Women Rising/Rising Voices
Women Rising is a Reentry program for formerly incarcerated 18-25 year old women. The program provides them with a full continuum of services that greatly increase their chances of transitioning to a productive and self-sufficient lifestyle. The new Women’s Reentry Center, at 930 Bryant Street, serves as the program site. Women Rising provides services ranging from immediate needs like groceries, clothing and internet access to long-term support including case management and housing, as well as the arts-based mentorship program, Rising Voices.
Writing and Performance Internship
Rising Voices is now accepting applications! Download the application here.
Rising Voices is a paid writing and performance internship for previously incarcerated women ages 18 to 25. Each cycle involves the creation of an original piece and culminates in community performances. Rising Voices supports women in staying out of jail, encouraging ensemble members to value their power as artists and agents of change, and to find meaningful ways of sharing their experiences with the community. The sharing of these words is transformative not only for the performers but for members of the public who do not often get the chance to hear the voices of women who have been incarcerated speaking their truth.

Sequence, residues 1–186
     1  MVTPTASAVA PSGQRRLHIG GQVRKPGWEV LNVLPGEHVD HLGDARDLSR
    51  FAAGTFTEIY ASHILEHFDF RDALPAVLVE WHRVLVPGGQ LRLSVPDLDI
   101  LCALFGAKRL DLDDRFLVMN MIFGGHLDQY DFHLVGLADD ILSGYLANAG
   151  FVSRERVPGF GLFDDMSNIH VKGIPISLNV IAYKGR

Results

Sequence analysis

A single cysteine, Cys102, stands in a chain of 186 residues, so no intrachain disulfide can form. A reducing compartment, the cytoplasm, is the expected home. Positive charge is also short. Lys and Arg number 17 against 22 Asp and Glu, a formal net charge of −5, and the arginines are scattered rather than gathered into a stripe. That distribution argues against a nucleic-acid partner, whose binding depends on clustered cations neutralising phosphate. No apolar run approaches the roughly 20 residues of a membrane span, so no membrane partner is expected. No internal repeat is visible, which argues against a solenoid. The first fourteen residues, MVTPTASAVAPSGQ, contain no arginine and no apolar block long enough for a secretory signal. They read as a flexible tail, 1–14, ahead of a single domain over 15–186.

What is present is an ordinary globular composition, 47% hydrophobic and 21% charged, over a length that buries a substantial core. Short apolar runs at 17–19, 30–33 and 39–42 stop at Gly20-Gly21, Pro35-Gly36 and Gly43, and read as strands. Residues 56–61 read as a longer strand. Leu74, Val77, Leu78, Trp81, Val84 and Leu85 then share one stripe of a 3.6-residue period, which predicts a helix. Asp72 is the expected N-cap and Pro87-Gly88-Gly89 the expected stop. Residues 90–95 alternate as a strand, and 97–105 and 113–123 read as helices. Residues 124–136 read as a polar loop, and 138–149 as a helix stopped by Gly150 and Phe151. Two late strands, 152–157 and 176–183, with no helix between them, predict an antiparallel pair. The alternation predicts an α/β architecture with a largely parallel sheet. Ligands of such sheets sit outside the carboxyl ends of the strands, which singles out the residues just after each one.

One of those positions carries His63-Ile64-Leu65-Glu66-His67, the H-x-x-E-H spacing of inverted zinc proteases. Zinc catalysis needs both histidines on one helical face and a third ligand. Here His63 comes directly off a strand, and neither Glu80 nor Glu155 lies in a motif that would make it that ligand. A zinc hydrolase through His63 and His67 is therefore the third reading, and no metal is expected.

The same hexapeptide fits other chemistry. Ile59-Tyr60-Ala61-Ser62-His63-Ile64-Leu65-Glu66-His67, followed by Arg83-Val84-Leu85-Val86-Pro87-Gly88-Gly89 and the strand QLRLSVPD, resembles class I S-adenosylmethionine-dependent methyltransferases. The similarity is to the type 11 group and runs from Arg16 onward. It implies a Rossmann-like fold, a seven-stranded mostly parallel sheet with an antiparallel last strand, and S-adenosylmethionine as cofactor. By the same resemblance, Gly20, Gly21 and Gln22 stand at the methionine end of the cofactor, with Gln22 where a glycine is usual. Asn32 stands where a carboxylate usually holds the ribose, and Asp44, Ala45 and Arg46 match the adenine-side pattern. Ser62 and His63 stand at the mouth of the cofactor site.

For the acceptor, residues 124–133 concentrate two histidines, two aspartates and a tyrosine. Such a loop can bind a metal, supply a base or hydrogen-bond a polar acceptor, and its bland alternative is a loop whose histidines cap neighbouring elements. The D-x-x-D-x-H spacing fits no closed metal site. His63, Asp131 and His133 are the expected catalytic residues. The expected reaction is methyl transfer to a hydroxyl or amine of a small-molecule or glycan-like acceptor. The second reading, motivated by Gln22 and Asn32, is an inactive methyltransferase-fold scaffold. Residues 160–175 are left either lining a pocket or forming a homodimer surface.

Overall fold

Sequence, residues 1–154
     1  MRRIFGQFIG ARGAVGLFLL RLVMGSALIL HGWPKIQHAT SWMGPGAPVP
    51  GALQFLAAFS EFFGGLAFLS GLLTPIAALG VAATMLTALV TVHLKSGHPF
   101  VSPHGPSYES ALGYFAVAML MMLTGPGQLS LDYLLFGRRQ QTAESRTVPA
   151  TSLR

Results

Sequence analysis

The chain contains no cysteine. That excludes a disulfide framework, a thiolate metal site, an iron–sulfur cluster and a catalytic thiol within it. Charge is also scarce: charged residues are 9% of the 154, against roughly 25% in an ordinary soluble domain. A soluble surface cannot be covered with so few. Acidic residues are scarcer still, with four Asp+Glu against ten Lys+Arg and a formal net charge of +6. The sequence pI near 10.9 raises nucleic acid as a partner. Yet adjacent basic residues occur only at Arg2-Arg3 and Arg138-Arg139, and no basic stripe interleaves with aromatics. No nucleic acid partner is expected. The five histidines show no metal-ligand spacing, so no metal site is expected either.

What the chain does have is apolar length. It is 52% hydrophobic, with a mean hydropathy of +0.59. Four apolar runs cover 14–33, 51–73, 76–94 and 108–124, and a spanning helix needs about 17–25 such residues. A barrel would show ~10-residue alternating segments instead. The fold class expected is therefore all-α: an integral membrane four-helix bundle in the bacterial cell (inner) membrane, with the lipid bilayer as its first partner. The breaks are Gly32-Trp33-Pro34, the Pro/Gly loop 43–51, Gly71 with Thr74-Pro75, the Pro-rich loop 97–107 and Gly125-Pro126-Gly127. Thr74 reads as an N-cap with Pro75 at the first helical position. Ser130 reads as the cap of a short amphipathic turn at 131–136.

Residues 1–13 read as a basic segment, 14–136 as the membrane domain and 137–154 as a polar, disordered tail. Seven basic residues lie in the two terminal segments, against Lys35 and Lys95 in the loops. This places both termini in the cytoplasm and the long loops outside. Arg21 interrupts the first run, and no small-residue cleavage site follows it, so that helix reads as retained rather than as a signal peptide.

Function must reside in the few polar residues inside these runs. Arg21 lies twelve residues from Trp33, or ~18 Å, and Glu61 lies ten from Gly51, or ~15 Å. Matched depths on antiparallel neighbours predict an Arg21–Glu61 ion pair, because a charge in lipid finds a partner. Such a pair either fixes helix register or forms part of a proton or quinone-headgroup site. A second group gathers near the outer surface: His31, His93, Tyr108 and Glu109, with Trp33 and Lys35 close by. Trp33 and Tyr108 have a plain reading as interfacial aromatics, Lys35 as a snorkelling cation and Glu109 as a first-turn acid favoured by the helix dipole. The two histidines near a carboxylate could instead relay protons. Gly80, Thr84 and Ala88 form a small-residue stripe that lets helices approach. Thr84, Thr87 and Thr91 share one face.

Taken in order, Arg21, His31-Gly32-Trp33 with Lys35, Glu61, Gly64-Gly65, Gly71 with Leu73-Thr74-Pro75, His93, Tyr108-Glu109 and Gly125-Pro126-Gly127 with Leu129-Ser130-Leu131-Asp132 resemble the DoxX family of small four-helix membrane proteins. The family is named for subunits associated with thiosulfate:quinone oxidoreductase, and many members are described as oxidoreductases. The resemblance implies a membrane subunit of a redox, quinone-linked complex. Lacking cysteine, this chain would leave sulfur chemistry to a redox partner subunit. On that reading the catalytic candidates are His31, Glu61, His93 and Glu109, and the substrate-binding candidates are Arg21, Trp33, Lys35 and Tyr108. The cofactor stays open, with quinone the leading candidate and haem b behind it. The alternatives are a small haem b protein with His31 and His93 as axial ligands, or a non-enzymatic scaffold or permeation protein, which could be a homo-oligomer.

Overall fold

Rising Voices performed A Way Out, a series of original short plays written by the women of Rising Voices, featuring characters attempting to break away from situations keeping them stuck in cycles of incarceration and abuse, on May 20 and May 21, 2011 at University San Francisco's Studio Theater. Check out the Way Out blog.
Writing Workshops in Jail
Rising Voices offers weekly Creative Writing Workshops to women in San Francisco’s County Jail 8. Rising Voices provides incarcerated writers with a safe space to investigate experiences such as abuse, prostitution, addiction, love, motherhood, and homophobia. These workshops also enable facilitators to form relationships with participants and help build bridges for them as they leave jail and seek a supportive structure and creative outlets for their lives on the outside.